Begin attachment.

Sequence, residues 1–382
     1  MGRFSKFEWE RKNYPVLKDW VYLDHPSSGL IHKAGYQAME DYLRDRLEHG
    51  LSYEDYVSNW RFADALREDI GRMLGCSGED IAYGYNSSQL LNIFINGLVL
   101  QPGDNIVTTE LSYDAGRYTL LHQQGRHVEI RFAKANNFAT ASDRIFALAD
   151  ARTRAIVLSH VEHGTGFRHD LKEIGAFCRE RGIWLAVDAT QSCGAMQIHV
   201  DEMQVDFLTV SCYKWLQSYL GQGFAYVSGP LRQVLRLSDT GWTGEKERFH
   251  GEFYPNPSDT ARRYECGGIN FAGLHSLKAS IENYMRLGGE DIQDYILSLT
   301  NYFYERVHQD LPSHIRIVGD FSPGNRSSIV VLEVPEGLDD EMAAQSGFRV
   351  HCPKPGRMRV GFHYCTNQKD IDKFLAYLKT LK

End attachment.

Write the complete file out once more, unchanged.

Sequence, residues 1–382
     1  MGRFSKFEWE RKNYPVLKDW VYLDHPSSGL IHKAGYQAME DYLRDRLEHG
    51  LSYEDYVSNW RFADALREDI GRMLGCSGED IAYGYNSSQL LNIFINGLVL
   101  QPGDNIVTTE LSYDAGRYTL LHQQGRHVEI RFAKANNFAT ASDRIFALAD
   151  ARTRAIVLSH VEHGTGFRHD LKEIGAFCRE RGIWLAVDAT QSCGAMQIHV
   201  DEMQVDFLTV SCYKWLQSYL GQGFAYVSGP LRQVLRLSDT GWTGEKERFH
   251  GEFYPNPSDT ARRYECGGIN FAGLHSLKAS IENYMRLGGE DIQDYILSLT
   301  NYFYERVHQD LPSHIRIVGD FSPGNRSSIV VLEVPEGLDD EMAAQSGFRV
   351  HCPKPGRMRV GFHYCTNQKD IDKFLAYLKT LK